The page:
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Special Issue "Dietary Fiber"

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A special issue of Nutrients (ISSN 2072-6643).

Deadline for manuscript submissions: closed (31 January 2011)

Special Issue Editor

Guest Editor
Prof. Dr. Mark D. Haub (Website)

Physical Activity and Nutrition Clinical Research Concsortium, Department of Food, Nutrition, Dietetics and Health, 212 Justin Hall, Kansas State University Manhattan, Kansas 66506, USA
Phone: (785)320-3330
Fax: +1 785 532 3132
Interests: evaluating lifestyle (diet and exercise) factors to increase insulin sensitivity using randomized clinical trials; Specific areas include: dietary fiber and resistant starch; protein amount and source; exercise physiology; and, diet supplements and ergogenic aids

Keywords

  • analytical issues
  • definitions
  • energy
  • fermentation
  • glycemic index/load
  • health outcomes/epidemiology
  • health outcomes/clinical trials
  • prebiotics
  • processing issues
  • resistant starch
  • sensory attributes/issues
  • solubility
  • whole grains

Published Papers (2 papers)

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Research

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Open AccessArticle Fermentation Profiles of Wheat Dextrin, Inulin and Partially Hydrolyzed Guar Gum Using an in Vitro Digestion Pretreatment and in Vitro Batch Fermentation System Model
Nutrients 2013, 5(5), 1500-1510; doi:10.3390/nu5051500
Received: 11 February 2013 / Revised: 29 March 2013 / Accepted: 18 April 2013 / Published: 3 May 2013
Cited by 8 | PDF Full-text (468 KB) | HTML Full-text | XML Full-text
Abstract
This study investigated the fermentation and microbiota profiles of three fibers, wheat dextrin (WD), partially hydrolyzed guar gum (PHGG), and inulin, since little is known about the effects of WD and PHGG on gut microbiota. A treatment of salivary amylase, pepsin, and [...] Read more.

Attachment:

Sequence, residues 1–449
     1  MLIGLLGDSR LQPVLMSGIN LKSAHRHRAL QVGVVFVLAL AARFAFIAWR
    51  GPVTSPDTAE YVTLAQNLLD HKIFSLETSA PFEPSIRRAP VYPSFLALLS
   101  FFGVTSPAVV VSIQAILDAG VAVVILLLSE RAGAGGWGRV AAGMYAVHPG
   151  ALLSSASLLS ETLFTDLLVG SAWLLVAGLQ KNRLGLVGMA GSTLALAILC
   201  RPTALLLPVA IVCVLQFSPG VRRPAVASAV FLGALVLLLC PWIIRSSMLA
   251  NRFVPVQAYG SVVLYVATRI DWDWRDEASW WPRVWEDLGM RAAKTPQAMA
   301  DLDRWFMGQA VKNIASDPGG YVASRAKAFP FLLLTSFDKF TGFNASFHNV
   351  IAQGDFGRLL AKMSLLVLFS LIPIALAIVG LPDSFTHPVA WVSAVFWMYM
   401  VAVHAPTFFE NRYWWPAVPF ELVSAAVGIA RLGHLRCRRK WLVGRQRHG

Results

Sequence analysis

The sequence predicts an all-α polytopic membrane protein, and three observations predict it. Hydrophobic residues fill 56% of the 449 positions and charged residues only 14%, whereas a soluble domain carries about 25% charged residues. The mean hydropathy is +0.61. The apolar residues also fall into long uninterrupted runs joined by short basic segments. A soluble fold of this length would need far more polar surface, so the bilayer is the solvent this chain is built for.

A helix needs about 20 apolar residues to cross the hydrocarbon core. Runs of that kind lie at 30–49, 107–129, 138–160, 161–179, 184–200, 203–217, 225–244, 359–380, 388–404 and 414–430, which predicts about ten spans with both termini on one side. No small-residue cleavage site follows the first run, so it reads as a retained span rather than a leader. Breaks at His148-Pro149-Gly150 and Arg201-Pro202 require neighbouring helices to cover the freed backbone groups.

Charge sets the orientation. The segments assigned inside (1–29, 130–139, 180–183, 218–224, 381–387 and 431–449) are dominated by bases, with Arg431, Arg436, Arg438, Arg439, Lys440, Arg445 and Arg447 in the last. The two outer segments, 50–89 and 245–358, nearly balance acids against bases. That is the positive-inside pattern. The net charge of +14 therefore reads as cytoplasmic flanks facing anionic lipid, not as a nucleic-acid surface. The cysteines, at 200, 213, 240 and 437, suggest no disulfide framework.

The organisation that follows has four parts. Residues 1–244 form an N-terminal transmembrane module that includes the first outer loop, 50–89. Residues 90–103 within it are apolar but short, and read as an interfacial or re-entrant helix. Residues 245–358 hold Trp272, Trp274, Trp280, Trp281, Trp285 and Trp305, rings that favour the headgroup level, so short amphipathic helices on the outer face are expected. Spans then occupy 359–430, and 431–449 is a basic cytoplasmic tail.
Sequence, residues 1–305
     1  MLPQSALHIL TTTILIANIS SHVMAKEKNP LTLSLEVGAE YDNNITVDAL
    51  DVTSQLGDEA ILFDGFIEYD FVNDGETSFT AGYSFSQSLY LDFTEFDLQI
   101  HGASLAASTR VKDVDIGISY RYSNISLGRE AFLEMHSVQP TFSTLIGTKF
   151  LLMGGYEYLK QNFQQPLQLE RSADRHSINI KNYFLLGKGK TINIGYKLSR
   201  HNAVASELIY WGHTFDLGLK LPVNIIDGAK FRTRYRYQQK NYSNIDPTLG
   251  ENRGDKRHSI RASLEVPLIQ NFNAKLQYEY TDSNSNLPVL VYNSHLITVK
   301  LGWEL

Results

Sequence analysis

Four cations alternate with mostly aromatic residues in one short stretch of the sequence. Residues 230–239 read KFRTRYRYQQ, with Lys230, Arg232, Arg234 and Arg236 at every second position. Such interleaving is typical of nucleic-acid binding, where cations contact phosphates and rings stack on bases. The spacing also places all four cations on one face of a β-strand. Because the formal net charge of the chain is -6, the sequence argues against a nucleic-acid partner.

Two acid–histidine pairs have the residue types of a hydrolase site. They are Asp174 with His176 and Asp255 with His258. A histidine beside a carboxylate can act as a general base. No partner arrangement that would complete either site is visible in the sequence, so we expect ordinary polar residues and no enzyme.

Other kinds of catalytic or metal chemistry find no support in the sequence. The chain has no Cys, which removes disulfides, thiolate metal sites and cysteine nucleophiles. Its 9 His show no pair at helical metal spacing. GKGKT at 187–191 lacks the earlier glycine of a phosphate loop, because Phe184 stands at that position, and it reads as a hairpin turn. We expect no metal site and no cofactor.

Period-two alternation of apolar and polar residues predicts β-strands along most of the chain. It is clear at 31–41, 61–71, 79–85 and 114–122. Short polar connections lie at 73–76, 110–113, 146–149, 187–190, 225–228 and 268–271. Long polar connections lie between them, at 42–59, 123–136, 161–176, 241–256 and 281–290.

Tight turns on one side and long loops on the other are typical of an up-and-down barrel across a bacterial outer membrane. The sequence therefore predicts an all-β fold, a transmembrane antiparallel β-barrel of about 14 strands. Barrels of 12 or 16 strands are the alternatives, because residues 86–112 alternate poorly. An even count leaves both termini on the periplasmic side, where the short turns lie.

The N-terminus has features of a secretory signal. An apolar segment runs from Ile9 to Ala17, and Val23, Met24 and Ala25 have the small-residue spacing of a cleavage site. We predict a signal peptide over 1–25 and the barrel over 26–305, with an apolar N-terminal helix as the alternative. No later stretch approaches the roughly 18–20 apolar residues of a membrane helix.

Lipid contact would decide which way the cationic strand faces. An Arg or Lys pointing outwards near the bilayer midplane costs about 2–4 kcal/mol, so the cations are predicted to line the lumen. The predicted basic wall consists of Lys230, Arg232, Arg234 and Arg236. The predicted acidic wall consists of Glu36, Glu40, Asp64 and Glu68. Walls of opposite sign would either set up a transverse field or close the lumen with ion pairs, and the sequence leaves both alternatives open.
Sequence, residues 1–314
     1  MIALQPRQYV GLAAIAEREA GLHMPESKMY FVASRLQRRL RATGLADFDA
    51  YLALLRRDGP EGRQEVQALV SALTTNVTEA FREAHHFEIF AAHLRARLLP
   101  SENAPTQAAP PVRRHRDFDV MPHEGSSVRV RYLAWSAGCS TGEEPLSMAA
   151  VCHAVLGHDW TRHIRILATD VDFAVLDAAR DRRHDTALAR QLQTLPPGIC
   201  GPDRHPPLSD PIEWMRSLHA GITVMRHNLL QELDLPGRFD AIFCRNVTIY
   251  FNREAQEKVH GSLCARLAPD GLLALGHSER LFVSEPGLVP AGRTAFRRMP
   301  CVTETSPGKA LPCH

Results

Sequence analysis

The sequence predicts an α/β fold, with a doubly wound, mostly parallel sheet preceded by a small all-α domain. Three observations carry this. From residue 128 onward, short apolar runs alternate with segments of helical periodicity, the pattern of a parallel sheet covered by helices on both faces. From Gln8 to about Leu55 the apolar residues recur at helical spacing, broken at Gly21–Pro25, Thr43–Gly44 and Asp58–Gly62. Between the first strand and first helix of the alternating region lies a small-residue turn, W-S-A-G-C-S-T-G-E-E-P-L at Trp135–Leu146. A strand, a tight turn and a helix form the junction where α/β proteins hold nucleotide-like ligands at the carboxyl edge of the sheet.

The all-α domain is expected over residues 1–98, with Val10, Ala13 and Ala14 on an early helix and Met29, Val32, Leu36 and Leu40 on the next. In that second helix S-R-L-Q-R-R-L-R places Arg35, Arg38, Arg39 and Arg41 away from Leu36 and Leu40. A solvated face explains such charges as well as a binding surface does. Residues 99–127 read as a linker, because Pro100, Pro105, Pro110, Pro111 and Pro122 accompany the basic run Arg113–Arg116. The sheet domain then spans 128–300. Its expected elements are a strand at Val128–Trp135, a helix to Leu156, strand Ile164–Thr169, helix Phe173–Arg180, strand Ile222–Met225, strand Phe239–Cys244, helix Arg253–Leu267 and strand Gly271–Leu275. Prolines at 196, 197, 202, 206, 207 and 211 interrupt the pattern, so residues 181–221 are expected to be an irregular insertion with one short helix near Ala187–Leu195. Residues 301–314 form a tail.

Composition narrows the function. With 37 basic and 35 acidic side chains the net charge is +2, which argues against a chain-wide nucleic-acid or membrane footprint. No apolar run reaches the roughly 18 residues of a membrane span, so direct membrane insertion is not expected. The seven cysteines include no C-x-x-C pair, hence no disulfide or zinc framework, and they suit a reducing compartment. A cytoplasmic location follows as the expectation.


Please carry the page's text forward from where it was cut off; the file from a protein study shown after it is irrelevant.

This study investigated the fermentation and microbiota profiles of three fibers, wheat dextrin (WD), partially hydrolyzed guar gum (PHGG), and inulin, since little is known about the effects of WD and PHGG on gut microbiota. A treatment of salivary amylase, pepsin, and pancreatin was used to better physiologic digestion. Fibers (0.5 g) were fermented in triplicate including a control group without fiber for 0, 4, 8, 12, and 24 h. Analysis of pH, gas volume, hydrogen and methane gases, and short chain fatty acid (SCFA) concentrations were completed at each time point. Quantitative polymerase chain reaction (qPCR) was used to measure Bifidobacteria and Lactobacillus CFUs at 24 h. WD produced the least gas during fermentation at 8, 12, and 24 h (P < 0.0001), while inulin produced the most by 8 h (P < 0.0001). Each fiber reached its lowest pH value at different time points with inulin at 8 h (mean ± SE) (5.94 ± 0.03), PHGG at 12 h (5.98 ± 0.01), and WD at 24 h (6.17 ± 0.03). All fibers had higher total SCFA concentrations compared to the negative control (P < 0.05) at 24 h. At 24 h, inulin produced significantly (P = 0.0016) more butyrate than WD with PHGG being similar to both. An exploratory microbial analysis (log10 CFU/µL) showed WD had CFU for Bifidobacteria (6.12) and Lactobacillus (7.15) compared with the control (4.92 and 6.35, respectively). Rate of gas production is influenced by fiber source and may affect tolerance in vivo. Exploratory microbiota data hint at high levels of Bifidobacteria for WD, but require more robust investigation to corroborate these findings. Full article